Tribal Councils Unite: Gov. Kristi Noem Barred from All South Dakota Tribes

Tribal Councils Unite: Gov. Kristi Noem Barred from All South Dakota Tribes

The nine native tribes in South Dakota have all decided to forbid Governor Kristi Noem from entering their territories.

The Flandreau Santee Sioux Tribe executive council made a decision on Tuesday to prevent the Republican governor from visiting the tribe’s reservation.

The Flandreau Santee Sioux Tribe sent a summary of its president’s conversations with Noem prior to the vote in response to a request for comment on Wednesday.

The transcript states that Flandreau President Tony Reider summoned an emergency meeting last weekend in response to Noem’s remarks.

There were “contentious moments during the meeting, as some members voiced their opposition.” Reider then arranged for a meeting to be held on Monday with the governor’s office. It was a “respectful and productive” talk.

“President Reider informed the governor that a ban from our territories is imminent and requested that the Governor refrain from making future blanket statements that offend the tribes within the boundaries of the State of South Dakota, some of which depend on state services for the needs of their people. It was recommended that the Governor clarify her statements and issue an apology to all tribal nations for the misunderstanding,” the readout stated. “Until such a time, the Executive Council and the people of the Flandreau Santee Sioux Tribe stand with our fellow nations.”

Tribes with reservations extending into South Dakota moved to stop Noem from entering their territory as a result of remarks she made earlier this year, and that vote bookended a cascade of actions.

She stated at a town hall that tribal chiefs were giving the drug cartels in the state preferential treatment and were using their influence to make money rather than raising their own children on the reservations.

Since then, Noem has reiterated her claim that there were numerous Mexican drug cartels operating on South Dakota’s Native American reservations.

Following those remarks, tribes began to condemn Noem and vote to exclude the governor from their territories. The Flandreau Santee Sioux officials were under pressure from the community to take action, according to The Argus Leader of South Dakota.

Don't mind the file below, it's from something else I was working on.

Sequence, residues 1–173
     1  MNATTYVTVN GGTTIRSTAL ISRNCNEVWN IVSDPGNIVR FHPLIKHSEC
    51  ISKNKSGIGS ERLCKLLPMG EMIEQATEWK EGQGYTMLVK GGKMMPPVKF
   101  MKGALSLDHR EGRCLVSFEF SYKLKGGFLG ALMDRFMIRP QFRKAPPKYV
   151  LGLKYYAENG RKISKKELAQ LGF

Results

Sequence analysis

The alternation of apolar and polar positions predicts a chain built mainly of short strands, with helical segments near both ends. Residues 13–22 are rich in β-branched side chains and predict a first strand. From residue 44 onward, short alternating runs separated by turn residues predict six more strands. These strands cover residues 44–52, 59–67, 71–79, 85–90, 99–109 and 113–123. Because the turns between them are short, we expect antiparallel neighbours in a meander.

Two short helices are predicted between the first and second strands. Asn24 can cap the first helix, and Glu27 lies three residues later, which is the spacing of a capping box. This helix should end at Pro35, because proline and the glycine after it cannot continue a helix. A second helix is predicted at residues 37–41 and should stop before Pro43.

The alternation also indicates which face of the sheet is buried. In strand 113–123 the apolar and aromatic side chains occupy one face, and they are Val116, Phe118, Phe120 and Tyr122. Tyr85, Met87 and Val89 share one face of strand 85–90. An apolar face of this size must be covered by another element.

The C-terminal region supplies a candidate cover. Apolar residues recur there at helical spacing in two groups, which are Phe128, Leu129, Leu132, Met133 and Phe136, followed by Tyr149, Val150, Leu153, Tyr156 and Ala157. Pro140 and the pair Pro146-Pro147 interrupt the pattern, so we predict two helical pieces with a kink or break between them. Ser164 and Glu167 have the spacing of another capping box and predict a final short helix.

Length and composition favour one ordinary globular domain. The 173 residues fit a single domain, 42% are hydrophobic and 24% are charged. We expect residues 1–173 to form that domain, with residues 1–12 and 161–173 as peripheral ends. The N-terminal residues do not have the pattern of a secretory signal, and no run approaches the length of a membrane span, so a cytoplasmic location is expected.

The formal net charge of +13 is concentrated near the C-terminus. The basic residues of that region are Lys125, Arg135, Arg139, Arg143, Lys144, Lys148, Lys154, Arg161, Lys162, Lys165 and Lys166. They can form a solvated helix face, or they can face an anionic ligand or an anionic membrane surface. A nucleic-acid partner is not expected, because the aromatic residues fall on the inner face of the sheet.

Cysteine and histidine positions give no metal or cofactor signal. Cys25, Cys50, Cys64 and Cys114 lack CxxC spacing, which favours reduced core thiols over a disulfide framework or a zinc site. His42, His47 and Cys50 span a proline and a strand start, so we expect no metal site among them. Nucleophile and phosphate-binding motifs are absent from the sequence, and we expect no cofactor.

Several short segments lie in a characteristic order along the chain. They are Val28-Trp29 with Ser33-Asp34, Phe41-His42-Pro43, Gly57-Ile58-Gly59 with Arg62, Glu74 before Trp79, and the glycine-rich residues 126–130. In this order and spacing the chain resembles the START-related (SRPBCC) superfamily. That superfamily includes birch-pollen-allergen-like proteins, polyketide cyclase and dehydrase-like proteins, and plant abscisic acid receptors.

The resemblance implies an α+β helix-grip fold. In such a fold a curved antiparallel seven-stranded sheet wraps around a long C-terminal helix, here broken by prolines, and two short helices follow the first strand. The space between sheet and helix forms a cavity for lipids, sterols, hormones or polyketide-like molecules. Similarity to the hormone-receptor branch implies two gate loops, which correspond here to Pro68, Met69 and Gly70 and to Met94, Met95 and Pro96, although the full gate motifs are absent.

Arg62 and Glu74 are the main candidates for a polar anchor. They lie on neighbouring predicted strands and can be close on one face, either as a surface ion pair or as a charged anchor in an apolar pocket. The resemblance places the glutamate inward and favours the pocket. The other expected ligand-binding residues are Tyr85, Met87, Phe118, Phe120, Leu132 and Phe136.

The governor stated in a statement on Wednesday that she wished to continue working with tribal leaders, although she did not specifically address the restriction.

“I only want to speak truth to the real challenges that are being faced in some areas of Indian Country. I want to focus on solutions that lead to safer communities for all our families, educational outcomes for all our children, and declining addiction numbers for all our people. We cannot tackle these issues without addressing the problem: dangerous criminals who perpetuate violence and illegal activities in all areas of our state,” Noem stated. “We need to take action. It is my hope tribal leadership will take the opportunity to work with me to be an example of how cooperation is better for all people rather than political attacks.”

Noem hasn’t toned down her criticism of Mexican cartels and tribes. Rather, she has consistently emphasized the significance of border security and issued warnings about an alleged immigrant “invasion” along the Southern border between Texas and Mexico.

Noem has planned a press conference to discuss border security and South Dakota’s implications.

“Banishing me does nothing to solve this problem or to help those who are suffering horrific tragedies.” Noem stated. “Yesterday, I returned home from the dangerous, deadly warzone at our nation’s Southern Border. South Dakota National Guard soldiers have helped the Texas National Guard construct miles of border wall in 100-degree weather to keep the American people safe – and keep cartel-driven drugs and human trafficking out of our great country.”

Noem and other high-ranking South Dakota officials have been announcing new initiatives for tribal law enforcement for the past few months.

To expedite local law enforcement training, Noem and state Attorney General Marty Jackley launched a certification program in April.

Additionally, Noem appointed Algin Young—who served as the Pine Ridge Reservation’s previous chief of police—as South Dakota’s Tribal Law Enforcement Liaison earlier this month.


With more than two years of expertise in news and analysis, Eileen Stewart is a seasoned reporter. Eileen is a respected voice in this field, well-known for her sharp reporting and insightful analysis. Her writing covers a wide range of subjects, from politics to culture and more.